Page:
St. Patrick’s Day Traditions Will Survive

Years ago, in happier and more carefree times, St. Patrick’s Day was a major holiday, a festive occasion when everybody was a wee bit Irish. Wearin’ o’ the green was a big part of the fun, with pinches awaiting those who didn’t don the emerald color.

One year I made the mistake of wearing green socks to school on St. Patrick’s Day. By noon, I’d been pinched a dozen times by friends and strangers who tweaked me before I could show them my patch of green. I spent the rest of the day with my pant legs rolled up – as a matter of self-defense.

Today, the bloom is off St. Paddy’s Day – I’m sure pinching someone is now considered a “hate crime” – but not in my household. Tradition is alive there, kept as faithfully as a mother’s love.

Our family celebration starts early, listening to Bing Crosby croon “Top O’ the Morning to You,” fine and cheery as you please. Next we play Van Morrison and the Chieftain’s “Irish Heartbeat” CD, the loveliest blend of old and new Celtic music a body could find.

Then comes Disney’s Darby O’Gill and the Little People, a movie that’s precious as a faerie’s gift, capturing the magic of Irish folktale as well as humanly possible. By this time, the corned beef’s boiling, and the cook’s getting mighty thirsty, which is why, I suppose, God made Guinness Stout.

With corned beef and black beer, we watch John Ford’s great The Quiet Man, the best film ever made about the Irish. Before going to bed, the wee ones hear the story of Erin’s beloved St. Patrick, a tale that warms an Irish heart quicker than a blazing hearth.

All Irish history converges on the legend of St. Patrick – where mythic past met European future, where Celtic sword met Christian cross, where heaven’s rainbow bent to kiss its earthly realm.

St. Patrick, it seems, was actually an Englishman – but he’s long since been forgiven for that. At 16, Patrick was kidnapped and brought to Ireland as a slave.

During his captivity, he experienced a spiritual awakening, eventually escaping to Britain. After becoming a Catholic priest and then bishop, Patrick received a calling to spread Christianity and civilization back in Ireland, where his legend began.

St. Patrick is associated with many famous stories, including outperforming the druids in a tournament of miracles, thereby winning the right to preach Christianity in Ireland; his driving the snakes into the sea; and raising several people, including his father, from the dead.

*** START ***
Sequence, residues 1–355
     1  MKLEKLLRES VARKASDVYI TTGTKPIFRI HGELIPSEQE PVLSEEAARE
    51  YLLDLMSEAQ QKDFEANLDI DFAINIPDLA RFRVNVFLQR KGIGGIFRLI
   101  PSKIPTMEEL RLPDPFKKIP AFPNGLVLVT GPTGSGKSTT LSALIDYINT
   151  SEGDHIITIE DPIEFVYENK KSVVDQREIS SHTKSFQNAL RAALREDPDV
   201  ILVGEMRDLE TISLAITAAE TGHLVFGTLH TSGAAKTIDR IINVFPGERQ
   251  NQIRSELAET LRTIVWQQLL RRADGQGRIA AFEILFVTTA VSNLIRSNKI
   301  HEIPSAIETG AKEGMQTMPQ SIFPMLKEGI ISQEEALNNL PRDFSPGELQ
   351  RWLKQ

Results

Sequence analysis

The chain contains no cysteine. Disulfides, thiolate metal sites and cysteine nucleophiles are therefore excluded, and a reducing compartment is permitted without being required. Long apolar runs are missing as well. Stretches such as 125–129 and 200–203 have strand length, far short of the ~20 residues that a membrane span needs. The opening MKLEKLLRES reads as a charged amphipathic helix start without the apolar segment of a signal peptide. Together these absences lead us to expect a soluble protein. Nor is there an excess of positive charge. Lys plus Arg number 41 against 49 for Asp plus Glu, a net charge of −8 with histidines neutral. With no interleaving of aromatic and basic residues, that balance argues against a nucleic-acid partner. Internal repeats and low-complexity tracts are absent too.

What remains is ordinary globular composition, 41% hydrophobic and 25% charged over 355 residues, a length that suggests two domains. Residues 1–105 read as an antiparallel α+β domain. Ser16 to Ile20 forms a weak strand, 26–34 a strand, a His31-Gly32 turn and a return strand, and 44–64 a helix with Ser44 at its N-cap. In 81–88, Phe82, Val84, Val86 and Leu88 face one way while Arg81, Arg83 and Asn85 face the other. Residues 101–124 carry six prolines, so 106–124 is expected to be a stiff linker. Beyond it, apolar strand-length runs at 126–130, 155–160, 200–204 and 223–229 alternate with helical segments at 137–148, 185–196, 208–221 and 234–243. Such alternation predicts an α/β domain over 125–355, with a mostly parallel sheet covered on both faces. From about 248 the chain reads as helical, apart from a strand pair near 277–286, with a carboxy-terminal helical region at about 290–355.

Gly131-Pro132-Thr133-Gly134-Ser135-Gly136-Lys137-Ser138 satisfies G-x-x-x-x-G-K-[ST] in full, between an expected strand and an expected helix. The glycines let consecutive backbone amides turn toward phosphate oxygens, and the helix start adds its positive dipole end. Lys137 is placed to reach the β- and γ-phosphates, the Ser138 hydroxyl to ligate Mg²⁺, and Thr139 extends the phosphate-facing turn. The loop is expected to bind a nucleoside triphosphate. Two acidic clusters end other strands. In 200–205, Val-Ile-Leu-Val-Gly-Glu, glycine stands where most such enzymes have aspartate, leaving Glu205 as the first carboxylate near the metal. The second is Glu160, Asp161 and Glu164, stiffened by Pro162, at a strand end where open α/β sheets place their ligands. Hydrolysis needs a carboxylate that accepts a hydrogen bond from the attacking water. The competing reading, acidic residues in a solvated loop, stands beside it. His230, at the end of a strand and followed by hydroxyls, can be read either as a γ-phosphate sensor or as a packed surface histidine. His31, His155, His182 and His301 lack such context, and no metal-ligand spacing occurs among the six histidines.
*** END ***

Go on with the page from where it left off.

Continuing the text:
Most popular, though, is the tale of the shamrock. In teaching converts about the Trinity – the Christian doctrine of three Gods in one – the great saint held up a shamrock, explaining the three leaves represented the Father, Son, and Holy Spirit, while the stem was the Godhead itself from which they proceeded. Thus, the shamrock, now commonly worn on St. Patrick’s Day, became the symbol of Ireland and the faith of her people.

Sadly, the holiday’s importance is fading now, too closely associated in progressive minds with the dreaded “dead, white males” of the past. In today’s testy society – our Grave New World, if you will – some spoilsports consider wearing green on March 17 to be a politically incorrect faux pas. Replacing corporate gray with a splash of green is almost a form of rebellion now.

But Ireland, land of poets and minstrels, has outlived a thousand tyrannies and will outlive this one too. For the Emerald Isle is more than just a patch of green earth in a far-off sea; she’s a country of the heart that lives in the minds and souls of her loyal sons and daughters. Wherever they go, she goes too.

Long after today’s political fads are but an unpleasant and distant memory, some will be keeping these traditions alive. Even in lands unfamiliar and cultures unfriendly, a few of us will always sing Ireland’s songs, passing on tales of her greatness and her grief. We’ll remember poet Thomas Moore’s “The Minstrel Boy”:

“Land of song!” said the warrior-bard,

“Though all the world betrays thee,

One sword, at least, thy rights shall guard,

One faithful harp shall praise thee!”

(To read all about St. Patrick click here.)

James Bemis is an editorial board member and columnist for California Political Review. This article was first published in 2001.

Subscribe to CE
(It's free)

Go to Catholic Exchange homepage